If you flip a coin 20 times and it comes up ‘heads’ each time, the odds of getting another ‘heads’ on the 21st flip is still 50-50. In a pure game of chance, past results have no effect on future outcomes. There is simply no way to change that.

But when a game includes strategy and you’re competing against others – as in poker – that’s an entirely different story. Chance still plays a role, but players who consistently make the right bets on the right cards will still win over the long haul.

It’s the same in business and in life: Make the right moves over and over and you’ll ultimately win. That’s all there is to it, sort of. The rules of the game may be straightforward, but winning is by no means a slam-dunk. Here are some helpful tips.

You can’t win if you don’t play.

And by “play,” I don’t mean a game or two here or there. You have to be in the game consistently for a long, long time to win. There’s no quick fix and no shortcuts. If you try to win big with a few quick high-risk bets, there’s a very good chance you’ll lose your shirt and everything else.

It’s a game of attrition and you have to persevere. It’s a marathon, not a sprint, and that’s how you have to play it if you want to win.

You learn from experience.

In poker as in business, there are rules, strategies, nuances and lessons to learn. The thing is, everyone knows the rules. Reading will only get you so far. The only way to outperform the competition is from real-world experience. Pay attention. That’s how you figure out what works and what doesn’t. That’s how you develop your own skills, strategies and tactics.

There simply is no substitute for the lessons you learn the hard way. You gain confidence from winning and wisdom from losing. And over time, you develop your own unique way of playing the game.

It’s a zero-sum game.

Every poker match has winners and losers, but the game always nets out to zero because you’re playing against others. Granted, markets are elastic. They can grow over time. But every sale, every transaction, every opportunity has one winner and a bunch of losers. Competitive markets are essentially zero-sum games.

You have to win if you want to be successful, and the only way to do that is to be consistently better than the competition.

Blow your reputation and you’re done.

Get caught cheating at poker, word gets around and you’re done. That’s all she wrote. That goes for anything.

Your reputation is everything. If you’re known for playing clean, for being a good sport, for showing up and meeting your commitments, you get asked to play again and again. Opportunity comes your way. If not, you’ve got to find another line of work. End of story.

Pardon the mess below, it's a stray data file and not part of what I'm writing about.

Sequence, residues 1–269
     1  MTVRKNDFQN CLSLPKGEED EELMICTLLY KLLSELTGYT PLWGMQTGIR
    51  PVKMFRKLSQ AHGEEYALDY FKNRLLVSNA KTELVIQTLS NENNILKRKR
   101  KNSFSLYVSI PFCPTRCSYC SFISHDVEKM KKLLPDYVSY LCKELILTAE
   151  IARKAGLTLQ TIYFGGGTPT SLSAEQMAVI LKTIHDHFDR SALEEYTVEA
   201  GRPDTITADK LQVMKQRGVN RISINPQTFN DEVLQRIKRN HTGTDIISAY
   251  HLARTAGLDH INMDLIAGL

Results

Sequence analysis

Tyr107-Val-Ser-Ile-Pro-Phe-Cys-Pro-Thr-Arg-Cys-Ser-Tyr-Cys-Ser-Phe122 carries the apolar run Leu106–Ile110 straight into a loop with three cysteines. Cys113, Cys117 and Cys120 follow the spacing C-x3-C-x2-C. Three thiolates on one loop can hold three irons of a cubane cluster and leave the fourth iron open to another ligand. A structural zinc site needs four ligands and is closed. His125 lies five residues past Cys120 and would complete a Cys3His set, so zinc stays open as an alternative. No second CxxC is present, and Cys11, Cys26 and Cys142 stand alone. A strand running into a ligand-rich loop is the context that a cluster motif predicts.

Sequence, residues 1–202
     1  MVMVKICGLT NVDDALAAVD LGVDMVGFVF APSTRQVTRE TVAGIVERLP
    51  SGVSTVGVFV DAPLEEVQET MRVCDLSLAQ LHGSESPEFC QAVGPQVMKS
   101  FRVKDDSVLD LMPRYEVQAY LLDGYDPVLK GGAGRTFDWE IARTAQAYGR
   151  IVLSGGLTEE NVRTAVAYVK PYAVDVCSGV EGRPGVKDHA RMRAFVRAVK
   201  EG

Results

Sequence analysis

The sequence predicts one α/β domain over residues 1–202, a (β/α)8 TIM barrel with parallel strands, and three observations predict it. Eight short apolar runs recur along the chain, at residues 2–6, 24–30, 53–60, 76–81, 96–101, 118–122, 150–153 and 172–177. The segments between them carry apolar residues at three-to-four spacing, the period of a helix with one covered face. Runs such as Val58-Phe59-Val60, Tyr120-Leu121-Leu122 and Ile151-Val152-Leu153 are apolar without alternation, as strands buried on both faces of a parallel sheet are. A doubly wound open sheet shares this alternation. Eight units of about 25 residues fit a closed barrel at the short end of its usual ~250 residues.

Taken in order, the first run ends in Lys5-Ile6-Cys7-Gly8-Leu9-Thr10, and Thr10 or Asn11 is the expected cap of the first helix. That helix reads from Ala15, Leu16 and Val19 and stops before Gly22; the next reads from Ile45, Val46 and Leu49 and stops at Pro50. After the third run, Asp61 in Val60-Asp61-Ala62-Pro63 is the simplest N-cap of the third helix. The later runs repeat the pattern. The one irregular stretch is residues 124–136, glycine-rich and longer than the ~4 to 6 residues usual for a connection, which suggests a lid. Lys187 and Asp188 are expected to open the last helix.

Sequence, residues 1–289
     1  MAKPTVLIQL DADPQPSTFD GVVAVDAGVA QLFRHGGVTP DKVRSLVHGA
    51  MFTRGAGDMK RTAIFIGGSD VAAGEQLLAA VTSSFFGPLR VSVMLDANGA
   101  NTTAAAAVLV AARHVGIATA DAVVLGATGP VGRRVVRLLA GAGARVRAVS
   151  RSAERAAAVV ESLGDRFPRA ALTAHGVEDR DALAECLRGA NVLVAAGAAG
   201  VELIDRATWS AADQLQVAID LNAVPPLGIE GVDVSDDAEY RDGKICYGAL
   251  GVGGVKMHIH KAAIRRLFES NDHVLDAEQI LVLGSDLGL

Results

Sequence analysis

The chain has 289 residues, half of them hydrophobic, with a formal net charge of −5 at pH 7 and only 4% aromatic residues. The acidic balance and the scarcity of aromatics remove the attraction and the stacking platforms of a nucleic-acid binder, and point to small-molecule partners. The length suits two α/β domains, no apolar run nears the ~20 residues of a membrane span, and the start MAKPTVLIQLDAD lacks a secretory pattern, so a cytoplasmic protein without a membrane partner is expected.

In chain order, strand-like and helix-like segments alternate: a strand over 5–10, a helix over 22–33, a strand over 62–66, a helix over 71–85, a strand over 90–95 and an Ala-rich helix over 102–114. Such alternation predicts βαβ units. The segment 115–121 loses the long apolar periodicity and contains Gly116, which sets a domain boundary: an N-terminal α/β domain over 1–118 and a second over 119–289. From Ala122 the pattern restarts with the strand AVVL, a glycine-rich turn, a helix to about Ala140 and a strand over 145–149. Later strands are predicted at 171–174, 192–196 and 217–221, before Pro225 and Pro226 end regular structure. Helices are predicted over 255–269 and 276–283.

Never bluff yourself.

Short-term success can be a dangerous thing. When you start to think the deck is stacked in your favor – that you’re lucky, that you can’t lose – that’s when you make risky bets you shouldn’t make. That’s when your ego writes checks that the laws of probability can’t cash.

You can sometimes bluff others, but never bluff yourself. No matter how successful you are, never forget the odds. Never forget your limitations. Keep your feet planted firmly on the ground. Keep it real.

The most important thing to remember is this: To win at poker, make the right bets on the right cards over and over. Winning in business and in life is exactly the same: consistently make good decisions. Simple as that.

A version of this originally appeared on entrepreneur.com.

  • “Competitive markets are essentially zero-sum games.”

    They are also enervating nil margin games. Which is why “libertarian” Trump supporter Peter Thiel hates them. He argues for the putative Big Picture Beneficence of monopoly power. His book “Zero to One.” Shall I cite the passages? We could begin on page 23.

  • LeviMeow

    Great down to earth article.

  • LeviMeow

    Is it worth making a comparison between consistently being in the game and not always making the best moves but doggedly being in the game vs being in the game and making the rght moves? I hope this makes sense?!

    • Steve Tobak

      Makes sense to me. Actually, the post is aspirational. In reality, none of us consistently make good decisions, the right moves, whatever. You just sort of have to do the best you can with the hands you’re dealt, right?

      • LeviMeow

        Thanks very much for your answer. I guess making the best out of everything and not whinging abt what could have been. For me I am frightened of being in the game… its like a vicious circle… I have business ideas but I am frightened to do it. (My ideas are not frightening for anyone else). I think I have narrowed it down to having a fear of success which stops me from entering the game.